The European Union and Israel on Monday held high-level talks for the first time in a decade, with the Europeans pressing Israeli Prime Minister Yair Lapid about how to put a two-state solution to the conflict with the Palestinians into place.
EU Foreign Policy Chief Josep Borrell welcomed the recent support from Lapid — who took part in Monday’s talks by videoconference — for an end to the conflict based on an Israeli and Palestinian state living peacefully side by side.
“This is also what we want to push for. We want the resumption of a political process that can lead to a two-state solution and a comprehensive regional peace,” Borrell said. “We have to explore how we can put this into practice.”
“It’s better to sit and discuss frankly, than to avoid any contact. Certainly we disagree. Certainly we express concern, but I think it’s more positive to sit and discuss,” Borrell told reporters in Brussels.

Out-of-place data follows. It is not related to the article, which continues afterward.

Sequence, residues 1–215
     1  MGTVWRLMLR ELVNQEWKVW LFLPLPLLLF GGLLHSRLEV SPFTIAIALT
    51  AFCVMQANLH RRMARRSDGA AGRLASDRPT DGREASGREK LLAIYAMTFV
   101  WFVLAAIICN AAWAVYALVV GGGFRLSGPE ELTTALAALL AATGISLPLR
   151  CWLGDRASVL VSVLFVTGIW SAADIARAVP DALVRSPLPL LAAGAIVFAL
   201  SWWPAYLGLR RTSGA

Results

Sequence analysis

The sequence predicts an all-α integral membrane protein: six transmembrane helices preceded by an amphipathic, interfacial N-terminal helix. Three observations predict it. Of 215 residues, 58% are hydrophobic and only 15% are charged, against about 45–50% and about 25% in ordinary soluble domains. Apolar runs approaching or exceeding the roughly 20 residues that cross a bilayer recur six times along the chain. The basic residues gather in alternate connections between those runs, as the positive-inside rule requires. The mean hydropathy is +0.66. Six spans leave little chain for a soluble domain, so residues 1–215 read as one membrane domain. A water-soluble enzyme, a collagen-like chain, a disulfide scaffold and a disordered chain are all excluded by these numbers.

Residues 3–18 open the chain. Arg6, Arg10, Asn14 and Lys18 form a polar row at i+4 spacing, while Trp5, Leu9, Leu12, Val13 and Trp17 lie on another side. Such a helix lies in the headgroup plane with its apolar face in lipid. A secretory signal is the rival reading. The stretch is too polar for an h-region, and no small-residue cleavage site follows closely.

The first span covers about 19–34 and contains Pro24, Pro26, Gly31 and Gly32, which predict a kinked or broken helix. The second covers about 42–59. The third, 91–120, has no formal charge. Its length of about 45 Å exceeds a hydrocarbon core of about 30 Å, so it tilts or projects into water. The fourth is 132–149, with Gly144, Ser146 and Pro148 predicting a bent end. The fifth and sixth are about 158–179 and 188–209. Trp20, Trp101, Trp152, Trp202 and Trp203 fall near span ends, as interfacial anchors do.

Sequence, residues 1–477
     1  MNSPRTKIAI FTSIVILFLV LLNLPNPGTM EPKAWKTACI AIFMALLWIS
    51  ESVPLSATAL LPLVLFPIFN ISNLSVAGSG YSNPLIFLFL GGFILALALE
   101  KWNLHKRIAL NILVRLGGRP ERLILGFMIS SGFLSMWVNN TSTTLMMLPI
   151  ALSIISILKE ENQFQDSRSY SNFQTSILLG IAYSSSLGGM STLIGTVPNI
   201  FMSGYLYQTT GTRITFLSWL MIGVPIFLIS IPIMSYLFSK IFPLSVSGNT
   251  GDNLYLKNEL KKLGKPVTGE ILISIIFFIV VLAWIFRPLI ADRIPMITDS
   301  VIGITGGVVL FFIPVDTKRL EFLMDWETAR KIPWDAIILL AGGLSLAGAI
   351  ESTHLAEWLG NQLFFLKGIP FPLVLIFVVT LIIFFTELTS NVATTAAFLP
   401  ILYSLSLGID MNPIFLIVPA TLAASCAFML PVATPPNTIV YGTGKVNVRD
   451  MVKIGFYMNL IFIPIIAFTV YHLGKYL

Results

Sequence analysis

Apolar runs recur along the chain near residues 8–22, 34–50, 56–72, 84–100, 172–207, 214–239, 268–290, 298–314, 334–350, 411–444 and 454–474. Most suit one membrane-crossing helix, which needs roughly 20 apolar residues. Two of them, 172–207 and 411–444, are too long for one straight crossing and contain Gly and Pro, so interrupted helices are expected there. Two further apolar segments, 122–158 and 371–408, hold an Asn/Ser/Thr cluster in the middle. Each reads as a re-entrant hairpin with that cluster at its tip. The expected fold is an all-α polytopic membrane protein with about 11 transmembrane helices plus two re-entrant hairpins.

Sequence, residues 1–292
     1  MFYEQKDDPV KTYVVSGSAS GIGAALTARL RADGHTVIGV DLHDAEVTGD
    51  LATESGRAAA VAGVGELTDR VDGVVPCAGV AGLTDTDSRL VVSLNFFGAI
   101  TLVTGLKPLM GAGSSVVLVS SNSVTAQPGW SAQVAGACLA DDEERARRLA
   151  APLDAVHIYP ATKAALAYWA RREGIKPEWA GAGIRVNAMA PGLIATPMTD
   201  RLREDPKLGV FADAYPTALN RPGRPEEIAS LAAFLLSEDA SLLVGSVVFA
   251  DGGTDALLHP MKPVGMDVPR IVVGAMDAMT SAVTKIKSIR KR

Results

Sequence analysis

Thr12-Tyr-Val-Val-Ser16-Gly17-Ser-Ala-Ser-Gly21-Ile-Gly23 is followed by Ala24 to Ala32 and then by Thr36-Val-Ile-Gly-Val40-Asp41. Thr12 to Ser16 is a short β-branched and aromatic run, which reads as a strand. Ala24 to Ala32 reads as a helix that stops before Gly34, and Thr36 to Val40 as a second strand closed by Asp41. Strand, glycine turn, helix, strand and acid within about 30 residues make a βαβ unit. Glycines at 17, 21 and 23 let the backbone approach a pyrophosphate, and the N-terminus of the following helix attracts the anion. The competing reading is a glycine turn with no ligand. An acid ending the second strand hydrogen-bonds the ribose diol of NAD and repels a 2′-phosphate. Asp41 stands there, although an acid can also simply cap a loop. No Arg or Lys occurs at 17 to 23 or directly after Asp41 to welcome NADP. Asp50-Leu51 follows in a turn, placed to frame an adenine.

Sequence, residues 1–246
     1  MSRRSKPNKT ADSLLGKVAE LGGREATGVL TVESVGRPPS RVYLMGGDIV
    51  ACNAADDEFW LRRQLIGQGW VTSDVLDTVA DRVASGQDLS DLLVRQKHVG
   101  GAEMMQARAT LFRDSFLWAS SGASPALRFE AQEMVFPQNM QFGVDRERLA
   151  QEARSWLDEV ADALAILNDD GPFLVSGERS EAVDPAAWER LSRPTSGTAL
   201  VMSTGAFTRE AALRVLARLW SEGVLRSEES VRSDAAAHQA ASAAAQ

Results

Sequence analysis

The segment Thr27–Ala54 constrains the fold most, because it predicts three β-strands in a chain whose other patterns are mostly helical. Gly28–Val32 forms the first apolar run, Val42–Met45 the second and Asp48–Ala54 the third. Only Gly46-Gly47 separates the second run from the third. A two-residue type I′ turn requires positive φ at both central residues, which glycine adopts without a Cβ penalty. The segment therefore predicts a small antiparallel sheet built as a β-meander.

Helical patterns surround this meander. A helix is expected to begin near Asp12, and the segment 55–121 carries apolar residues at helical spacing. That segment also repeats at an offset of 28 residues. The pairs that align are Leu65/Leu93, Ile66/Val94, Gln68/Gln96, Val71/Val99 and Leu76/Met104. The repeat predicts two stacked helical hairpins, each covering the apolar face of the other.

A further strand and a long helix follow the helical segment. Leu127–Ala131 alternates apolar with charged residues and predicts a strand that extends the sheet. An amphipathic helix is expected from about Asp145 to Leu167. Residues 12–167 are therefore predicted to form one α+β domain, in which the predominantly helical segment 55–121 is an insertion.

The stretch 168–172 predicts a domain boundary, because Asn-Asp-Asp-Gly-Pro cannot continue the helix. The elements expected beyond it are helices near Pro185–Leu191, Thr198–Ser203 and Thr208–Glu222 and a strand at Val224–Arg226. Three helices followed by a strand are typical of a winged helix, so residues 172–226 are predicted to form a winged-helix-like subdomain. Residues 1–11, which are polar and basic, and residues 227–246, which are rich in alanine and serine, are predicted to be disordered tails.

In his opening remarks at the meeting — led in Brussels by Israeli Intelligence Minister Elazar Stern — Borrell underlined the EU’s concern “about the continued tensions and violence on the ground and the continuation of unilateral measures, such as settlement expansion, and the security issues.”
It’s the first time the two sides have held an “Association Council” since July 2012. Israel and the EU signed an Association Agreement governing their ties in 1995, and the pact entered force in 2000. Talks were meant to be held annually, but Israel canceled a planned 2013 meeting over the EU’s policy toward Israeli settlements. Some EU countries have also been reluctant to meet since then.